Hip-Hopalypse Now

Hip-hop has, at times, been cast by the establishment as a negative force, despite it arguably being one of the most important cultural movements of the late 20th and early 21st centuries. It is easy to see how much modern culture has been affected by hip hop: whether it is a beat-boxing McDonald’s commercial, or Grandmaster Flash and the Furious Five’s induction to the Rock and Roll Hall of Fame last year. With this in mind, it is only fitting that a new exhibit, entitled “RECOGNIZE! Hip-Hop and Contemporary Portraiture,” has opened at the Smithsonian’s National Portrait Gallery to, well, recognize hip hop’s growing influence on mainstream culture.

The goal of the exhibit is “to reposition hip hop as one of the key cultural movements of the last 20 years,” said associate curator of photography Frank Goodyear, who is also a graduate professor of American studies at GW. The exhibit marks a third installment in the Gallery’s “Portraiture Now” series, and is the first hip-hop exhibit ever to be on view at the Smithsonian.

“RECOGNIZE!” includes work from six artists and one poet: painter Kehinde Wiley, photographer David Sheinbaum, video artist Jefferson Pinder, poet Nikki Giovanni, sculptor Shinique Smith and graffiti muralists Tim Conlon and Dave Hupp.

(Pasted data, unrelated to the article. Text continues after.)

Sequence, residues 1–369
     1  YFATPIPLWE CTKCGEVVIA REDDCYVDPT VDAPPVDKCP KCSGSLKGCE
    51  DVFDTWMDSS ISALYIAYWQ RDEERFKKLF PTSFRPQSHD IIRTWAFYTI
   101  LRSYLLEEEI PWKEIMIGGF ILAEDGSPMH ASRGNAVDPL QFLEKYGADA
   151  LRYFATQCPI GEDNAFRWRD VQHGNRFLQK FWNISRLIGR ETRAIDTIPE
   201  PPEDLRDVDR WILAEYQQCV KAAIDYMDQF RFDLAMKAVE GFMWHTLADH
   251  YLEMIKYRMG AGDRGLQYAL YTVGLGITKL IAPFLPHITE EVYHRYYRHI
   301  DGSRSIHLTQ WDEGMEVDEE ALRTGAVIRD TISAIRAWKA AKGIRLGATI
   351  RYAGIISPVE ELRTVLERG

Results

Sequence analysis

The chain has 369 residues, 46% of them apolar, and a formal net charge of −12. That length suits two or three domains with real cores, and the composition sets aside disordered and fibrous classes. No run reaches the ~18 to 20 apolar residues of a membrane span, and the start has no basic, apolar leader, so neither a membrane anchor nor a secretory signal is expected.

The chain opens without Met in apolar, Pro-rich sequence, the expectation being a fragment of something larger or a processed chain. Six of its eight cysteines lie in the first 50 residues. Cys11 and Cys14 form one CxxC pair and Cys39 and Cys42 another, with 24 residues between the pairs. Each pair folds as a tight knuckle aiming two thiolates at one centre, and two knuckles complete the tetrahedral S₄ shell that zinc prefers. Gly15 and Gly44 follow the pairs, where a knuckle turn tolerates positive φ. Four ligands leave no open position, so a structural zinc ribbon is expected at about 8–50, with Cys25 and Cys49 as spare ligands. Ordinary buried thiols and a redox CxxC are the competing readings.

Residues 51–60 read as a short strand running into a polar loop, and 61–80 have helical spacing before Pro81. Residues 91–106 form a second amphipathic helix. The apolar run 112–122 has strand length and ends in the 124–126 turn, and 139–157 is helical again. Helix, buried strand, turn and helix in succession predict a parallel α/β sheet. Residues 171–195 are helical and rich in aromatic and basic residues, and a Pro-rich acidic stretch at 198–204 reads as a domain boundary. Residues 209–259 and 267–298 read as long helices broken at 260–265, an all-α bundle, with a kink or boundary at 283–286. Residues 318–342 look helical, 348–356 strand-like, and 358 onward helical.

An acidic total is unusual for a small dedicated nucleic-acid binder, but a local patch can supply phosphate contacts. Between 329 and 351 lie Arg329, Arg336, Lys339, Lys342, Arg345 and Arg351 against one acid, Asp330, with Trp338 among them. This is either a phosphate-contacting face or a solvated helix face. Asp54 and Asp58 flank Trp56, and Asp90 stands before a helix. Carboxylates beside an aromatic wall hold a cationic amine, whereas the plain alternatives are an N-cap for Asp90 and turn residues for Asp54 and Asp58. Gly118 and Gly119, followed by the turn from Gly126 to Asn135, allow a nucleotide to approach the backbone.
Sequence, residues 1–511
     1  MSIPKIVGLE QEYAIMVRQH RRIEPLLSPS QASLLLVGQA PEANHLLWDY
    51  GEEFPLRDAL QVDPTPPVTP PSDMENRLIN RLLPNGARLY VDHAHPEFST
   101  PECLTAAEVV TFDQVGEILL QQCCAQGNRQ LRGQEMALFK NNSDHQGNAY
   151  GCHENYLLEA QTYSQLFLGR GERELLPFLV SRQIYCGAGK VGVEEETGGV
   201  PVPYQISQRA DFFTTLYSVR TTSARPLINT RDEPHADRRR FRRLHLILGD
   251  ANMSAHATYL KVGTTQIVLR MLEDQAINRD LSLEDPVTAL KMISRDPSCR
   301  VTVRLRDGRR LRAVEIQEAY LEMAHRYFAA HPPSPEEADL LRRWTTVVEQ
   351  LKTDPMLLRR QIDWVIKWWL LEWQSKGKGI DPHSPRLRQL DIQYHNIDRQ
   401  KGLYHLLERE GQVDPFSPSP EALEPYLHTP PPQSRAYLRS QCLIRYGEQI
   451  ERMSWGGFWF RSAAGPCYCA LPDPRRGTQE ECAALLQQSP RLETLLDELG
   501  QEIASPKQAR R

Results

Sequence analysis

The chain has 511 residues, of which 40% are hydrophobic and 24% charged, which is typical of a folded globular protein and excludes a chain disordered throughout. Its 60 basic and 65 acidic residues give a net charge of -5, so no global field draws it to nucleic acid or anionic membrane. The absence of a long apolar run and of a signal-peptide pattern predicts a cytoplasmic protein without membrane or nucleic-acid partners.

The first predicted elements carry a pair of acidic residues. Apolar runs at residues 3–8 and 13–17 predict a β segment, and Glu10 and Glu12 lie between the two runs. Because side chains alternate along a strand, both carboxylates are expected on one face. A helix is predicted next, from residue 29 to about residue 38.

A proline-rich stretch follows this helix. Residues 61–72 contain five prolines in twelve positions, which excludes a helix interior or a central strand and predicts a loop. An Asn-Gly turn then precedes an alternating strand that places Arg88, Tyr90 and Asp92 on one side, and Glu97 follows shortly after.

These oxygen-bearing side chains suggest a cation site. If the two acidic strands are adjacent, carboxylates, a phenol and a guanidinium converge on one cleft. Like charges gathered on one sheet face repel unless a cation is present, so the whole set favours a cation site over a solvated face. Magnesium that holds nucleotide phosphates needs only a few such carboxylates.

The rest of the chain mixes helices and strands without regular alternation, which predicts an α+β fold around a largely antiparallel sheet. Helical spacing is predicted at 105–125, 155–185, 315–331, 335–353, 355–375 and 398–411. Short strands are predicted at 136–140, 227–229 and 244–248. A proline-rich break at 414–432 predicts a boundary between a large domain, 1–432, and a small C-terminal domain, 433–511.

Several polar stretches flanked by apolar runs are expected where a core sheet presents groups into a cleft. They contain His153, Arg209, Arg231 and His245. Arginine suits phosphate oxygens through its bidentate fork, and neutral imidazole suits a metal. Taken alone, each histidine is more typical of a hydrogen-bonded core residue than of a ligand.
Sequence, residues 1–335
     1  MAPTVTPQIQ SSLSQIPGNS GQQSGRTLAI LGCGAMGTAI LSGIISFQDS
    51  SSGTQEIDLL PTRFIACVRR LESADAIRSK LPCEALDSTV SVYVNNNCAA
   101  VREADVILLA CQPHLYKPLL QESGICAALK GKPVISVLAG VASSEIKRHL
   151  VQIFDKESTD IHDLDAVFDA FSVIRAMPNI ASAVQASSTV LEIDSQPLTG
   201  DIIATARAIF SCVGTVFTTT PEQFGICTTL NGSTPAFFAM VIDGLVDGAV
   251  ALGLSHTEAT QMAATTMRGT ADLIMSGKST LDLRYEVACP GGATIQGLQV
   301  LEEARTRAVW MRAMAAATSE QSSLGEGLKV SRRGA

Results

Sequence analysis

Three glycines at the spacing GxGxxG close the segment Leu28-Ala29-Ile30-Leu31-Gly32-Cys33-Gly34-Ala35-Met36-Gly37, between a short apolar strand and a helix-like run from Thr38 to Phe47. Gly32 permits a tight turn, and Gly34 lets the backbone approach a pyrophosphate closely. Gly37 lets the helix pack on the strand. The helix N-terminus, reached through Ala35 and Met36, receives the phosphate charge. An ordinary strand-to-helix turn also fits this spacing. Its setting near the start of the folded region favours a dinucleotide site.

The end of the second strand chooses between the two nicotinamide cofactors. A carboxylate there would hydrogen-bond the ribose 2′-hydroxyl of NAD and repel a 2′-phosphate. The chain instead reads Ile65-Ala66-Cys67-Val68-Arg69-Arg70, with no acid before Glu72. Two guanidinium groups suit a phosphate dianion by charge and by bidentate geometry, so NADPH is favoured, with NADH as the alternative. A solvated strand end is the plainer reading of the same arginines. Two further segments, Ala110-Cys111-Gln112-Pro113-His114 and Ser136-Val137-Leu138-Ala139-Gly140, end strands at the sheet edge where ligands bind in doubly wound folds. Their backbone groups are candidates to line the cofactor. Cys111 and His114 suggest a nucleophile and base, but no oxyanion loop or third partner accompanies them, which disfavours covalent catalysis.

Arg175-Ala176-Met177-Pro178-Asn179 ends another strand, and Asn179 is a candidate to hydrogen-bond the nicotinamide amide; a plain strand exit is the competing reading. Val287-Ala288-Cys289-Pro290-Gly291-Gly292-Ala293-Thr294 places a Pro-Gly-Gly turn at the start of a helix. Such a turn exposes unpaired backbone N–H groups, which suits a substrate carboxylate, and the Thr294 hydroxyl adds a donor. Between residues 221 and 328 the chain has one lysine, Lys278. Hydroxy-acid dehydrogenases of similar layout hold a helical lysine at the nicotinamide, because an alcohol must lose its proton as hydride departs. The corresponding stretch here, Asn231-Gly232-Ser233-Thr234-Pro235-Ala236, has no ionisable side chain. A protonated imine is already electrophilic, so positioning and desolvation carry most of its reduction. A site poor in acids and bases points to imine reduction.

Highlights of the exhibit include Wiley’s work – large paintings of black males in poses emulating some of the most famous portraits in the history of art, such as LL Cool J cross-legged, echoing John Singer Sargent’s portrait of John D. Rockefeller.

“Wiley takes a black man, a subject who had only been on the margins of historical grand portraiture, and puts that man squarely in the center of the tradition,” curator Brandon Fortune said.

Conlon and Hupp’s huge graffiti murals draw on old-school lettering styles from the 1970s and 1980s for inspiration.

“In the street, your tag is the face you present to the world, your self portrait,” guest curator Jobyl Boon said, discussing the significance of tagging in graffiti.

This aspect of the exhibit, like others, “grew up organically,” she said, noting that the tags fulfilled an aim of the exhibition – highlighting D.C.-based art. Conlon lives and works in the District, while Hupp hails from Baltimore.

With one of the goals of “RECOGNIZE!” being to emphasize positive aspects of hip-hop, it comes as no surprise that the vast majority of work features artists either from hip-hop’s early days, or those on the fringes of the contemporary mainstream (all arguments about whether mainstream hip-hop is hip-hop at all aside.) You will find any photos of rappers such as the recently-arrested Lil’ Wayne. This isn’t to say the exhibit is trying to gloss over the more unsavory side of hip-hop. As Goodyear put it, “This exhibition should not be seen as a comprehensive history of hip-hop since the 1970s. This is an artist-driven exhibition.”

“RECOGNIZE!” is on display now through October 26. The National Portrait Gallery (8th and F streets, N.W. – Gallery Place/Chinatown Metro) is open daily from 11 a.m. to 7 p.m. Visit Npg.si.edu for more information.

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